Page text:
Michèle Leaman

Michèle works with faculty, administrators, and students to change complex institutional systems to become more supportive environments for social entrepreneurship and changemaking.

Getting the grade: the solar decathlon, sustainability, and social impact

A few weeks ago, I caught up with John Clinton, Associate Professor and Director of Environmental Policy and Sustainability Management at the Milano School of International Affairs, Management, and Urban Policy to talk about The New School’s participation in the U.S. Department of Energy Solar Decathlon that is taking place this week on the national mall in Washington D.C.
The New School, an Ashoka U Changemaker Campus, has teamed up with students and faculty across many different schools – Parsons The New School for Design, Milano School of International Affairs, and the Stevens Institute of Technology – to participate in the real-world challenge to design, build, and operate a solar-powered house that is cost-effective, energy-efficient, and attractive.
Hundreds of schools have competed in this challenge, where they design and build a house, take it apart and reassemble it on the national mall in Washington, DC. The decathlon includes ten contests over ten days, with challenges such as “architecture,” “market appeal,” “affordability,” or the home entertainment contest. In this last contest, each house hosts a dinner party to measure how energy efficient the house is. There are now 19 finalists, with the New School’s “Empowerhouse” currently in fourth place (view full scoring details here).
How did you develop the team for Empowerhouse?
    “The whole project started out as a curriculum-based initiative, where students initially become involved through course work. Over the last two years, around two dozen courses across the three schools were offered that helped to further the solar decathlon project. Much of this led to inter-professional collaborations, cross-pollination between departmental silos, and continued collaboration among students, faculty and staff. A truly interdisciplinary real-world challenge!”

    The New School/Stevens Institute team made the decision early on to focus on social impact, even though social impact dimensions are not included in the competition’s judging criteria. Many of the solar decathlon houses are rigorously designed but never lived in. The Empowerhouse team partnered with Habitat for Humanity and secured an empty lot in the Deanwood neighborhood of Washington, DC for a permanent location of Empowerhouse.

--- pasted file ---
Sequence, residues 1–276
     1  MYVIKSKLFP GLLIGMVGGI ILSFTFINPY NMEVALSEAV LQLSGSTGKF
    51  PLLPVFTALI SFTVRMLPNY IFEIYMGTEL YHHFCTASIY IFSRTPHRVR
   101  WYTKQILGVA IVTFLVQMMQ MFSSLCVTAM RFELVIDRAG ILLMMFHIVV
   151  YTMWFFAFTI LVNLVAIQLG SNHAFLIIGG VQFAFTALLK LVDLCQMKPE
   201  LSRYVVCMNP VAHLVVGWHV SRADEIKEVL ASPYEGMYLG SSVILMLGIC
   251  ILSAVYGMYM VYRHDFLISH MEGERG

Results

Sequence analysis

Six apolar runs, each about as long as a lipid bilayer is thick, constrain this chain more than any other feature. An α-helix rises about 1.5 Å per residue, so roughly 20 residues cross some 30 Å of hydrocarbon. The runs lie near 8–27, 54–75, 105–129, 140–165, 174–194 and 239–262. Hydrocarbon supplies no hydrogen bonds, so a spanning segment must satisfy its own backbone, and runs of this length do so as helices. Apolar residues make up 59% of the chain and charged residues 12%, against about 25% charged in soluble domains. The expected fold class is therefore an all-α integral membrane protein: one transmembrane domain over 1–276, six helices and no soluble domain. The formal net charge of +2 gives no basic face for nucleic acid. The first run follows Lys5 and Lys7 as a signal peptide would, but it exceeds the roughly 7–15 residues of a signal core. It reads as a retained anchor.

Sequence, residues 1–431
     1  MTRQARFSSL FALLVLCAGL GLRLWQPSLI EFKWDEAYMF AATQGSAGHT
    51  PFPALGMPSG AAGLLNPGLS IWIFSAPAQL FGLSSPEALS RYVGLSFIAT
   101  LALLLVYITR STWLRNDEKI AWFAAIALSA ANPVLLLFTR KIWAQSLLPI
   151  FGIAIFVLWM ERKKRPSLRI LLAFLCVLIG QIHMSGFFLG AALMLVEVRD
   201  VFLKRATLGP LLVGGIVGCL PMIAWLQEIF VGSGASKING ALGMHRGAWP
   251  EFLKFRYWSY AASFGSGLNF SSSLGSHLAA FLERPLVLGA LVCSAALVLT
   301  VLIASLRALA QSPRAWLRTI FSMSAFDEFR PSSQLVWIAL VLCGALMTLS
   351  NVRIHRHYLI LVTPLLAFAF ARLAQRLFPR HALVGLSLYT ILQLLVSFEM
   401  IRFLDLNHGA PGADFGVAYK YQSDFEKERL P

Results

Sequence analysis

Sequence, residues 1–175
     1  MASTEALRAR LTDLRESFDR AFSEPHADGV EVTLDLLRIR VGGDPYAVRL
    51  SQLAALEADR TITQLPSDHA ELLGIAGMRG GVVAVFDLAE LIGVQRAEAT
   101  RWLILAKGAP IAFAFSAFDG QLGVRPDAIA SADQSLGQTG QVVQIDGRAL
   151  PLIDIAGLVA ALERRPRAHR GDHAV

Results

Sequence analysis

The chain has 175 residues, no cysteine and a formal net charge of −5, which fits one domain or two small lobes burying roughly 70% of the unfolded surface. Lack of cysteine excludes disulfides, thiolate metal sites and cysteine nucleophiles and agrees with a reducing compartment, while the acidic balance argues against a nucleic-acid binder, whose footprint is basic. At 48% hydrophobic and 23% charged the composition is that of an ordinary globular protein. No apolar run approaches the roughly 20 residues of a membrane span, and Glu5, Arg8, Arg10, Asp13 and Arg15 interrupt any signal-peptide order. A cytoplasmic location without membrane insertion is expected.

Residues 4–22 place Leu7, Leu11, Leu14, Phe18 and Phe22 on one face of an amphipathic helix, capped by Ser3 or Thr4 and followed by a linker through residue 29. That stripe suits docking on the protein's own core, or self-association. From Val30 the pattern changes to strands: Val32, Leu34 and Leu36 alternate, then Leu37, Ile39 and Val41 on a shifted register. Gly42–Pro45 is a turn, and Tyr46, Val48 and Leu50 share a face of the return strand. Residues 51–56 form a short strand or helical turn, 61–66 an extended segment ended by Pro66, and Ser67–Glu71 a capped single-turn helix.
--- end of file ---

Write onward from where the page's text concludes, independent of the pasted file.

What were some of the challenges that accompanied your choice to focus on social impact?
    “It became critical to the success of the project to connect with the community on-site. We held a symposium titled “reflections on being able to afford sustainability.” Through this event, we gained a broader perspective on the challenges of adapting to and maintaining a sustainable home for a low-income community. We learned so much more than just how to build an energy-efficient house. The challenges to sustainability have critical human elements. It was a fascinating learning experience. The project started in the architecture, design, and engineering schools and quickly broadened to include the participation of urban policy, management, and sustainability programs.”
What are some unexpected skills that are gained by participating in the solar decathlon?
    “There are many entrepreneurial dimensions of the project. We partnered with the New School’s Community Development Finance Project to develop a scalable business model for DC Habitat for Humanity given the stakeholders it serves. And we often asked ourselves, how can we make a house like this one attractive to investors and home owners?”
For you, what was the most meaningful part of participating in the project?
    “I would say standing on-site with people from the community to hear their stories and why this house matters to them. The team met frequently with community stakeholders, Deanwood residents, and the Deanwood advisory neighborhood commissioner to better understand the neighborhood and residential needs. In the end what made this project possible was the passion team members had to create real-world impact and the relationships with the people on the ground.”
The solar decathlon is coming to a close in a few days. What’s next?
    “From the very beginning, we saw the competition as only the starting point. We want to continue to do this in other cities.”